It’s a common scenario: You have a baby and decide to take some time off of work. It could be due to a high-needs infant, it could be high child care costs, or it simply might just feel right to be fully present at home. Fast forward three, five or 10 years, and now you’re ready to get back to work.
How do you successfully re-enter the workforce after this time off? How will you characterize the gap in your employment?
Will employers even look at your resume considering you haven’t worked for years?
The short answer: Yes.
Thanks to a thriving job market with historically low unemployment rates, many companies are more than willing to look outside the box if it means gaining access to enthusiastic, qualified workers. Stay-at-home parents ready to return to work — and these are often women — are seen as an untapped resource.
Educated and credentialed professionals who take time off are attractive to today’s employers. The long-held bias against these workers is fading and for good reason. They have experience and typically plenty more years to work. What’s more, after having time off they may come back to the workforce with a fresh passion and new energy that can be a positive addition to teams.
If you’re looking to re-enter the workforce you have lots of opportunity, but you may need to put in a little extra effort to get noticed and considered seriously. Here are three smart steps for finding a job after taking a few years off to raise your kids.
Refresh Tech Skills:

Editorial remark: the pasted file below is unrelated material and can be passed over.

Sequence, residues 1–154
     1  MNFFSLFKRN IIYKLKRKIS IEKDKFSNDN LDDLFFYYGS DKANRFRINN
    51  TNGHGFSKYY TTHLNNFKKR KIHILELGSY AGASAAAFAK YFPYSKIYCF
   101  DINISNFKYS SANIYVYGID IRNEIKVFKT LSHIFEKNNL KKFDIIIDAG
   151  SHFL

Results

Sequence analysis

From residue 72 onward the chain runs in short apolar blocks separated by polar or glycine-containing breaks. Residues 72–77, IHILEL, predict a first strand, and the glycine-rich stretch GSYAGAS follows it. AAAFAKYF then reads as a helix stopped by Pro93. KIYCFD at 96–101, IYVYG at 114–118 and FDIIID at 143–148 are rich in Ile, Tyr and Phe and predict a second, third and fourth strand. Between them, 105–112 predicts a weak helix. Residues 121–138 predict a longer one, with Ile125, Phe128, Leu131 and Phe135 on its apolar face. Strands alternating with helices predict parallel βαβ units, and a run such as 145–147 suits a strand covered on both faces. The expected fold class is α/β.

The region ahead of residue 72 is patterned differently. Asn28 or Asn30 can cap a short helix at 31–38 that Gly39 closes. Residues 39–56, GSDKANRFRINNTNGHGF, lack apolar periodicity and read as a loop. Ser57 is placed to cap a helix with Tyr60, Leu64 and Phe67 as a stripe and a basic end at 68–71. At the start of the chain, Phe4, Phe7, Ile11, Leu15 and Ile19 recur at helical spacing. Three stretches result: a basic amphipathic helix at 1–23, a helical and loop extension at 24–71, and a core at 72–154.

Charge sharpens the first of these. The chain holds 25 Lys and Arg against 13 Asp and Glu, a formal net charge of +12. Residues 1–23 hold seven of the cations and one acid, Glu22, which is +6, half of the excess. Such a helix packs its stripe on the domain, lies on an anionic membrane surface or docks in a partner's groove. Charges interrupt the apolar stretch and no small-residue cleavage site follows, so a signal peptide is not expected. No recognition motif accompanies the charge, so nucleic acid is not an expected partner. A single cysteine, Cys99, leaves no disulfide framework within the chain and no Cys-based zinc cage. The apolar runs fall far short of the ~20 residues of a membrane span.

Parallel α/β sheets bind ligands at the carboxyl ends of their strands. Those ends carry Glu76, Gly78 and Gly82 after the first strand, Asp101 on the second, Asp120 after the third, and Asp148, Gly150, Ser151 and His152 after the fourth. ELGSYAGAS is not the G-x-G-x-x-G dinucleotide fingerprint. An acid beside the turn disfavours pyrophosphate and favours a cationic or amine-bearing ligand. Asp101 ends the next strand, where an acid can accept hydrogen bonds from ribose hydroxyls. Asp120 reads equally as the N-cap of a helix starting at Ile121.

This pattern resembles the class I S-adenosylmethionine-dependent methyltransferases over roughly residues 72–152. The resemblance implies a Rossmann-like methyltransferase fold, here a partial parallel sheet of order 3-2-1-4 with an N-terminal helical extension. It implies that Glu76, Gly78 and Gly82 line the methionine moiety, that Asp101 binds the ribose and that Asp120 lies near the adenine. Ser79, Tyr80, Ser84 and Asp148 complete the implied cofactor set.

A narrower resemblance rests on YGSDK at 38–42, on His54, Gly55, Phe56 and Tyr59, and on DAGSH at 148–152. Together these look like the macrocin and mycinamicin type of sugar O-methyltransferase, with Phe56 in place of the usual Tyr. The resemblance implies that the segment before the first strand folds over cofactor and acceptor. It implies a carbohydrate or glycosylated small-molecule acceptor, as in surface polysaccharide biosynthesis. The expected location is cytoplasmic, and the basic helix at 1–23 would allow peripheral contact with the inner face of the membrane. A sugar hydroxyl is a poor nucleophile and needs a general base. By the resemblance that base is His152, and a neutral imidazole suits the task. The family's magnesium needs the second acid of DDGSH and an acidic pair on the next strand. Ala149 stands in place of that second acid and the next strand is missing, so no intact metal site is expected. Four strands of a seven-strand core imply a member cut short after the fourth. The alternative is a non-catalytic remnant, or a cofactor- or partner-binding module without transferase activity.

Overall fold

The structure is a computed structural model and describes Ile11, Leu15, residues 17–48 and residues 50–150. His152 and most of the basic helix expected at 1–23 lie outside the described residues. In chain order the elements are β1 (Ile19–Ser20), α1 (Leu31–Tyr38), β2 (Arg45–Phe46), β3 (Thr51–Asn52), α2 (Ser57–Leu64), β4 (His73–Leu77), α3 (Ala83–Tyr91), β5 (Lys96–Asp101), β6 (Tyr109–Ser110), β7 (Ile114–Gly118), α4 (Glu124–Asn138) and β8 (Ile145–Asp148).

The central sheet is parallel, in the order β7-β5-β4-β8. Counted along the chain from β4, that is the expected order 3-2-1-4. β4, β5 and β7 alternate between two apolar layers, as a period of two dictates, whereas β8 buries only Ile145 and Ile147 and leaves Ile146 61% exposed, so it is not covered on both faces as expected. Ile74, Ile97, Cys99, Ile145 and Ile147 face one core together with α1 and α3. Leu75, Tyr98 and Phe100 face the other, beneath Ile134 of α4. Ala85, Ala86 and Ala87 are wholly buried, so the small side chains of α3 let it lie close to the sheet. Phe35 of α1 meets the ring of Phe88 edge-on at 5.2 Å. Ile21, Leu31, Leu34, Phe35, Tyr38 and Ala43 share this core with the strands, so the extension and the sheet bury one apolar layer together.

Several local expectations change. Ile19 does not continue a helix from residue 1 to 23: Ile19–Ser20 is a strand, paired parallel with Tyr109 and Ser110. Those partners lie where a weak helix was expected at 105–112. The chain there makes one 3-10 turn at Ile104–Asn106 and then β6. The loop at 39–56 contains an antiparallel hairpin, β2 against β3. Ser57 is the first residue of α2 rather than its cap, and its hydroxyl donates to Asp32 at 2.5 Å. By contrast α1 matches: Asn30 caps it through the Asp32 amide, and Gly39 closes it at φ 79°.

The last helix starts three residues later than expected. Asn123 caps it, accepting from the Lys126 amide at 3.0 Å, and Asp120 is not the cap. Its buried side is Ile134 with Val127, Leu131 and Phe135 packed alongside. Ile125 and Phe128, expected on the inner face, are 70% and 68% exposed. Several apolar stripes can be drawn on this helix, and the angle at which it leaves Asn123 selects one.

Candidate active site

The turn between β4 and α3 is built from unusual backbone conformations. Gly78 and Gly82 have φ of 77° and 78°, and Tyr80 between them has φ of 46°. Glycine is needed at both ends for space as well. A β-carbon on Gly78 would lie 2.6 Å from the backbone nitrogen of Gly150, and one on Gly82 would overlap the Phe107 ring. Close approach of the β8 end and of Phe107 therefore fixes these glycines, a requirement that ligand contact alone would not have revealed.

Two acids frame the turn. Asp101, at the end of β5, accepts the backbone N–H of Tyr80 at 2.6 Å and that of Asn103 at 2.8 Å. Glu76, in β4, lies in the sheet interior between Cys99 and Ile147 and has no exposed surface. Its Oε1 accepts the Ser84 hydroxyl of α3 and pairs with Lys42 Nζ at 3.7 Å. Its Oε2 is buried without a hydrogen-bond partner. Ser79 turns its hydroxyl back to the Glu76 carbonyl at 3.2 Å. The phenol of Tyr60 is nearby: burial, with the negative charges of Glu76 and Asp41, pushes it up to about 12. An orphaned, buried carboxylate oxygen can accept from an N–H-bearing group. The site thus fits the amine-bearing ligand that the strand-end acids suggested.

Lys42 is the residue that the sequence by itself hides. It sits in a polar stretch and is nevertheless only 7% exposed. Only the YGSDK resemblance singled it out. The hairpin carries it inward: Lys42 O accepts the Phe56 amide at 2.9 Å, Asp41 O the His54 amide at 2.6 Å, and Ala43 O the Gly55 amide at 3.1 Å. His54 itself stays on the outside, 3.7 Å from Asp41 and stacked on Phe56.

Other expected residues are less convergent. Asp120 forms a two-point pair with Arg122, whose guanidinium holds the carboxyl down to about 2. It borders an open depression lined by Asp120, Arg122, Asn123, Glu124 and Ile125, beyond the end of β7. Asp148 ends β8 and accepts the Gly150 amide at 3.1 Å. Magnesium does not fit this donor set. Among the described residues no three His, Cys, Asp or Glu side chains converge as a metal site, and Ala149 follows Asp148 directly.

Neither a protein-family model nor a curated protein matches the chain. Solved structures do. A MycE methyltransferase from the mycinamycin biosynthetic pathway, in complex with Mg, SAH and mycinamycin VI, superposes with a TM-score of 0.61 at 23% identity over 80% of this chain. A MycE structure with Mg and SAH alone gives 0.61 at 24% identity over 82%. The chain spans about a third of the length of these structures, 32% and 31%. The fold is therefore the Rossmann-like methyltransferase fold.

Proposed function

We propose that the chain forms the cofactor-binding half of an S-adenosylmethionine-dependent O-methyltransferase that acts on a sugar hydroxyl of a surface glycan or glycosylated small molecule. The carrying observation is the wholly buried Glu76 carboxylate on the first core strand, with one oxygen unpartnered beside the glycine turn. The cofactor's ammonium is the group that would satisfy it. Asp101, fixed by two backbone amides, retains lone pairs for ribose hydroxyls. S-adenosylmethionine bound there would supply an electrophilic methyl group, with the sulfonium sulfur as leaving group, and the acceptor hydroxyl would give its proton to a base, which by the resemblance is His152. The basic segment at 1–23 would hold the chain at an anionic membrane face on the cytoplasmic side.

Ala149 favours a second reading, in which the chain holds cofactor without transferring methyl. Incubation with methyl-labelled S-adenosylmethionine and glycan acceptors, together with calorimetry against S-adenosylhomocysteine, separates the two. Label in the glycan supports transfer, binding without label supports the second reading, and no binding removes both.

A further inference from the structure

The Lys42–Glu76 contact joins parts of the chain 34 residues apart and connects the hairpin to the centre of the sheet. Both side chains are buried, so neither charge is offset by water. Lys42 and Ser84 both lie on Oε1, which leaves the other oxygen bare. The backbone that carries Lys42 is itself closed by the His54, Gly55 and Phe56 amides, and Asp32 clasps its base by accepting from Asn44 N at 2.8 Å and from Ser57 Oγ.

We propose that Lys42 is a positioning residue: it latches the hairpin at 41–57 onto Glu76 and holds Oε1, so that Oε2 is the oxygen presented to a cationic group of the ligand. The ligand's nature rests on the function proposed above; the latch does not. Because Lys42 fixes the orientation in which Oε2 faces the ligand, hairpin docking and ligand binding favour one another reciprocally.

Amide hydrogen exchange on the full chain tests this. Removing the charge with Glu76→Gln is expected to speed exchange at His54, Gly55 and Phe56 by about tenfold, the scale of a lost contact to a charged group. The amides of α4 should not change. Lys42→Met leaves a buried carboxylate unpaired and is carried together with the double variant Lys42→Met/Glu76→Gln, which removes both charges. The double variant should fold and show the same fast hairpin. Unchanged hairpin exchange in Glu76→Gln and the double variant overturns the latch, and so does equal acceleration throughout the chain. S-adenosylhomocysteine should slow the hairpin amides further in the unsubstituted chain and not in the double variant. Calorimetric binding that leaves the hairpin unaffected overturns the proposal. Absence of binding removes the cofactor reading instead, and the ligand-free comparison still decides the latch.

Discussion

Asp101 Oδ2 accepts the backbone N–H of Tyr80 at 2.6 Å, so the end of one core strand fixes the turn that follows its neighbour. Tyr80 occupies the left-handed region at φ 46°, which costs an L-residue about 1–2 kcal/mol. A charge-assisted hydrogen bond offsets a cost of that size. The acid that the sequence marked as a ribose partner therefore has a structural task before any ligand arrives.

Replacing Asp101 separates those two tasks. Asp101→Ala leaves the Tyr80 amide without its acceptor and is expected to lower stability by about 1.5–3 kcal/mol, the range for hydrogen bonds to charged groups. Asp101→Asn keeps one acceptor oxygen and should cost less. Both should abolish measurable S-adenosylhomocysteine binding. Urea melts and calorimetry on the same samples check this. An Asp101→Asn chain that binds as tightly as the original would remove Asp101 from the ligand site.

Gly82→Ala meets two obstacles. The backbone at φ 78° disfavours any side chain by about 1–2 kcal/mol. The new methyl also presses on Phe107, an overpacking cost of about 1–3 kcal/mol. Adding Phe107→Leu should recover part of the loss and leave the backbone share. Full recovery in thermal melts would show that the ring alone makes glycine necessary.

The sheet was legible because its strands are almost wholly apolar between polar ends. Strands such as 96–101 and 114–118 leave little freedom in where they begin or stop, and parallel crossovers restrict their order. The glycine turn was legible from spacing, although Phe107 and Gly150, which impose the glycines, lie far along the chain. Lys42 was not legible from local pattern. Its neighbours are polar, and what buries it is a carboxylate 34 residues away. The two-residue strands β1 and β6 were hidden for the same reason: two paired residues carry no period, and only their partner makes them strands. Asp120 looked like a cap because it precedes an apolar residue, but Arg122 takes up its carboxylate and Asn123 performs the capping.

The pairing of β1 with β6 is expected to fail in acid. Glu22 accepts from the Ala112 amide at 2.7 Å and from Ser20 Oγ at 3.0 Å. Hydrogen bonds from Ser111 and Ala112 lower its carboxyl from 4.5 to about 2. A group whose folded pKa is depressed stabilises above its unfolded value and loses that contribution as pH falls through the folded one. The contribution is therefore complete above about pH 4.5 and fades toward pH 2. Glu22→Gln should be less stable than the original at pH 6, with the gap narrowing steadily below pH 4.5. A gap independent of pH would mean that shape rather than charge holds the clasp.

Technology changes constantly; no matter what field you’re in, if you took a few years off there are probably some updates you need to know. To stay competitive and show future employers you’re ready to go, consider taking a community education class or getting a certification from a local industry organization. It will help you brush up on your skills and provide great fodder for interviews.
Revise Resume and Cover Letters:
When it comes to updating your resume, don’t try to hide the fact you took time off for family reasons. Instead, focus on skills you gained during this period. For example, through volunteer work, you may have gained leadership or computer skills. That counts for a lot! In your cover letter you may want to include a note about your desire to return to work and your reasons behind returning now. This is your opportunity to explain your side of things and to showcase your enthusiasm and can-do attitude.
Hire a Career Coach:
A career coach can help give you the confidence you need to stand out — in a good way! From navigating LinkedIn to preparing for tough interviews to finessing your professional attire, a GetFive career coach is a rich resource for getting back to work after family breaks. Whether it’s been a year or a decade, you can get the job you really want and they’ll help you achieve your dreams.